Where the EOS 60D really scores over previous models though is its articulated screen. DSLRs aren’t the easiest things to handle for filming and the necessity to hold them relatively high in order to see the screen is far from ideal. With the EOS 60D though, you can simply flip the screen out and angle it upwards for comfortable framing at waist-height. Equally you can film comfortably with the camera on the ground or held high over your head. Discreet filming is also possible thanks to the adjustable screen.
Of course DSLRs with articulated screens aren’t new to other manufacturers: Nikon, Sony, Panasonic and Olympus all offer them, but it doesn’t diminish from the delight of using one on the EOS 60D – and again making it even more pleasant is the excellent quality panel.
So unless you demand (or desire) the full-frame sensor of the EOS 5D Mark II, we’d say the EOS 60D boasts the best movie recording experience of any Canon DSLR to date. The quality is known from previous models, but adding manual audio recording levels and an articulated screen have taken it to a new level.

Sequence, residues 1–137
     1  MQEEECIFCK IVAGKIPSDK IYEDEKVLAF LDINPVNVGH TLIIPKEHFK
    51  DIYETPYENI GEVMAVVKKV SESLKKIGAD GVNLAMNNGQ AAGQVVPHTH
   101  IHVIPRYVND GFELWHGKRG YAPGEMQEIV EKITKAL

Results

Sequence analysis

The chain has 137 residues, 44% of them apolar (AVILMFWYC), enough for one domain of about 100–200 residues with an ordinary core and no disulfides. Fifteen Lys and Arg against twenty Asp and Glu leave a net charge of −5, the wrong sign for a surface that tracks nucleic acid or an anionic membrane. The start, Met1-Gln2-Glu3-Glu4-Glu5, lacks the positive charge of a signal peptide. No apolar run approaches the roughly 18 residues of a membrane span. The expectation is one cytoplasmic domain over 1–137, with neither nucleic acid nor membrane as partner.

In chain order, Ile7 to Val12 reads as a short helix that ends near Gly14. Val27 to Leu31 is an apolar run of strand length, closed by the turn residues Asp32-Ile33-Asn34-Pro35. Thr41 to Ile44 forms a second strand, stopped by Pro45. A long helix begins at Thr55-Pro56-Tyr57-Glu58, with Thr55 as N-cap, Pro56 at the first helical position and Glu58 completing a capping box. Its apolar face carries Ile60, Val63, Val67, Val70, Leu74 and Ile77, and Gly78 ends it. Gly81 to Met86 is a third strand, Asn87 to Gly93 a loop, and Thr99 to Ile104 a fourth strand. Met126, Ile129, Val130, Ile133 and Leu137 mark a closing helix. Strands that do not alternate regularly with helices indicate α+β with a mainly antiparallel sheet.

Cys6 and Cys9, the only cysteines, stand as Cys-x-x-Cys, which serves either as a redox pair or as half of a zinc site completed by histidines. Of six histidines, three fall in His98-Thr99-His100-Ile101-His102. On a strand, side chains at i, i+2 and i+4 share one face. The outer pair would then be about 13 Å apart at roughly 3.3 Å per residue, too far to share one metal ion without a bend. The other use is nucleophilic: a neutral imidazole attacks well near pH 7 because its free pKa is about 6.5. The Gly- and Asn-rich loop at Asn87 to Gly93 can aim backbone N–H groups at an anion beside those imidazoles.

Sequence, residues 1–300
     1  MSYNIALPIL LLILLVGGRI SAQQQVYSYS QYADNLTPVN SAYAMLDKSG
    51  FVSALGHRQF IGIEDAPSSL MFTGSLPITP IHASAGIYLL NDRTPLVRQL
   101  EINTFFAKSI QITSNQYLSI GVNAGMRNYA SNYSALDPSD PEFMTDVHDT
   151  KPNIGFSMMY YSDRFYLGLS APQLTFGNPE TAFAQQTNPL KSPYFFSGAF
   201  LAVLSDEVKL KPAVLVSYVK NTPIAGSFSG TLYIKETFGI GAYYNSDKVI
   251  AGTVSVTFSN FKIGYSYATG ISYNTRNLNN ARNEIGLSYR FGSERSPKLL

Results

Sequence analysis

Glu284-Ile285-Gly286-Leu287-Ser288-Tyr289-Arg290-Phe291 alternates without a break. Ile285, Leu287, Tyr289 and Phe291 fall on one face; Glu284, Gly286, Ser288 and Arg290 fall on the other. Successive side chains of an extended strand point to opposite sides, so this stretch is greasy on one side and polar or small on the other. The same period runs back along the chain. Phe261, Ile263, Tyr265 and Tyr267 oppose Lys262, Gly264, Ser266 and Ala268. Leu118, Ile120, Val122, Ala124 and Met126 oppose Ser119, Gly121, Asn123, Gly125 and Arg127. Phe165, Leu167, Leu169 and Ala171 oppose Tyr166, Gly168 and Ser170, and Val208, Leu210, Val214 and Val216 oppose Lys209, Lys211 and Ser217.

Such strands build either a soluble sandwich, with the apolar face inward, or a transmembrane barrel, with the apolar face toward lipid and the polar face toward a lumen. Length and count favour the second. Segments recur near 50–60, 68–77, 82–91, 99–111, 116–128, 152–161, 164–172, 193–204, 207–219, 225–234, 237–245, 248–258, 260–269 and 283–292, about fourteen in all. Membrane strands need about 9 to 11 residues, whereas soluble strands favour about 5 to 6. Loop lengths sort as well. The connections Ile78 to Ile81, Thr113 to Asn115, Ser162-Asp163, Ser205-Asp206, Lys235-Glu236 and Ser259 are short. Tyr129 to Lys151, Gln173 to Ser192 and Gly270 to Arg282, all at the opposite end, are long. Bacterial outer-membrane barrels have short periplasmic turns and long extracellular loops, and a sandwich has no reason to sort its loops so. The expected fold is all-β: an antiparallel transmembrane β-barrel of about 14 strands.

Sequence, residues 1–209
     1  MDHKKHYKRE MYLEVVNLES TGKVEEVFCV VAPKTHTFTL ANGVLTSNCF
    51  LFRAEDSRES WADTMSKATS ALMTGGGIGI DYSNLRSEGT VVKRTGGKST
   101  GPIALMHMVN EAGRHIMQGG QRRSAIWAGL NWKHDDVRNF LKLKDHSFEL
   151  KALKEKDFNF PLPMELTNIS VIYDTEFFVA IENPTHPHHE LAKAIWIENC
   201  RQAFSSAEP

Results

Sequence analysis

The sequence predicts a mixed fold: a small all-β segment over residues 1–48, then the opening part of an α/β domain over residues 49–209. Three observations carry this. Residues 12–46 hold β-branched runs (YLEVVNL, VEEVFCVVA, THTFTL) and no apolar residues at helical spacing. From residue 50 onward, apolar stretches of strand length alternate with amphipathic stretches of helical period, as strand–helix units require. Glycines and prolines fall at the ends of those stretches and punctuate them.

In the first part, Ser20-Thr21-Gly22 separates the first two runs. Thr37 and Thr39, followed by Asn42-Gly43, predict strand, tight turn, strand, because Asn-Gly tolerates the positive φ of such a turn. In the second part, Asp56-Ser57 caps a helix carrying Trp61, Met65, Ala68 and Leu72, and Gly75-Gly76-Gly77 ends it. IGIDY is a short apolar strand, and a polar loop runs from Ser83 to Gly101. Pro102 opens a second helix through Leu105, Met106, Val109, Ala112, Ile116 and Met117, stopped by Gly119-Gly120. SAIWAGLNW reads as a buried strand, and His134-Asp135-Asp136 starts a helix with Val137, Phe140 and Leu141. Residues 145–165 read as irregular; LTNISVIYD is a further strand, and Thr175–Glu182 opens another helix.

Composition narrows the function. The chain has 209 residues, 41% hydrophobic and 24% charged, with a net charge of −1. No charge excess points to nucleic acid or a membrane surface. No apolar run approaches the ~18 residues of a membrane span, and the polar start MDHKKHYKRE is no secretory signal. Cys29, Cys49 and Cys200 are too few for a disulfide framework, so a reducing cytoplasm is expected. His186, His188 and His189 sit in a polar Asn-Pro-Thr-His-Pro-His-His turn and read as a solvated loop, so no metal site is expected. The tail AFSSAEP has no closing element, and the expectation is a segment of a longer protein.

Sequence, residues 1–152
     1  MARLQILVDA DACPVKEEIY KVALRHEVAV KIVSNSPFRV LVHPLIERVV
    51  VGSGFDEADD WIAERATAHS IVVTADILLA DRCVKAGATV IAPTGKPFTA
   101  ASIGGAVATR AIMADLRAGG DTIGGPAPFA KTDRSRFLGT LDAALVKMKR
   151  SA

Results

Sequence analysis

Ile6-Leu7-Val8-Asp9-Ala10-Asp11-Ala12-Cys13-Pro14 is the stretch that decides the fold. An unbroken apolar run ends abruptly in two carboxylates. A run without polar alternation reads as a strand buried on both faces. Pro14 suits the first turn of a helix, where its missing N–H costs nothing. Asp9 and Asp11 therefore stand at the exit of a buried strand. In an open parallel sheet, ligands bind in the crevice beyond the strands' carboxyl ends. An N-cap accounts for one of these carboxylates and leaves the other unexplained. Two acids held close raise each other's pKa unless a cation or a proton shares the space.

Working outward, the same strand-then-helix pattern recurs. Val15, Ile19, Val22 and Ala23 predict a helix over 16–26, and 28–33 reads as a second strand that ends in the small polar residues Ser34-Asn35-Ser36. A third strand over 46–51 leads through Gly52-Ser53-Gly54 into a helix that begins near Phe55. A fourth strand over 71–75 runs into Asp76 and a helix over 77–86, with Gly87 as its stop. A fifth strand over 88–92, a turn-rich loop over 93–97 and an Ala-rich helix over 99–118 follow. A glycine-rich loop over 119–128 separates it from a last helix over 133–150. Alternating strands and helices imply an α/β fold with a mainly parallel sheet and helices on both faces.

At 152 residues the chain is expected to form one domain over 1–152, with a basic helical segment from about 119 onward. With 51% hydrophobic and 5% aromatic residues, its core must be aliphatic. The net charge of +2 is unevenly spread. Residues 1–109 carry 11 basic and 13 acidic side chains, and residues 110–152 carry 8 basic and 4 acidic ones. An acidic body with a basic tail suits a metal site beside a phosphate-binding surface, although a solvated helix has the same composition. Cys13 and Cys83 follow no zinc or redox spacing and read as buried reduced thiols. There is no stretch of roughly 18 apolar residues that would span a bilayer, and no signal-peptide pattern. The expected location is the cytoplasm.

As with all DSLR video modes though, there are caveats. First, there’s no continuous autofocus while filming. Second, without optional mountings, the DSLR form factor isn’t particularly comfortable to handle for filming, and it’s tricky to pull focus or adjust the zoom without twisting or wobbling the camera. Third, the dreaded jello effect can still rear its head under certain conditions. Handheld filming with wobbly pans or attempted zooms can be particularly susceptible, and if you’re into this kind of casual filming style, you’ll still be better-off with a dedicated camcorder. Professional film makers who are interested in monitoring or recording over HDMI should also note that while the port outputs a 1080i signal while framing, it’s downgraded to 480p once you start recording.
It’s also important to consider the competition. Nikon’s D7000 can film at 320×216 or 640×424 at 24fps, 1280×720 (720p) at 24, 25 or 30fps, or 1920×1080 (1080p) at 24fps. Note unlike Canon, the D7000 does not offer 25 and 30fps options at 1080p, only 24fps. Nikon’s also switched from the previous Motion JPEG format for the same H.264 as Canon, and allows recording times of up to 20 minutes per clip, depending on available memory; Nikon quotes around 700MB for five minutes of Full HD, or around half that for five minutes at 720p / 24fps, which implies a much higher compression ratio than Canon. This may allow longer clips to be recorded before maximum file limits kick-in, but the higher compression may be harder to edit and suffer from greater artefacts.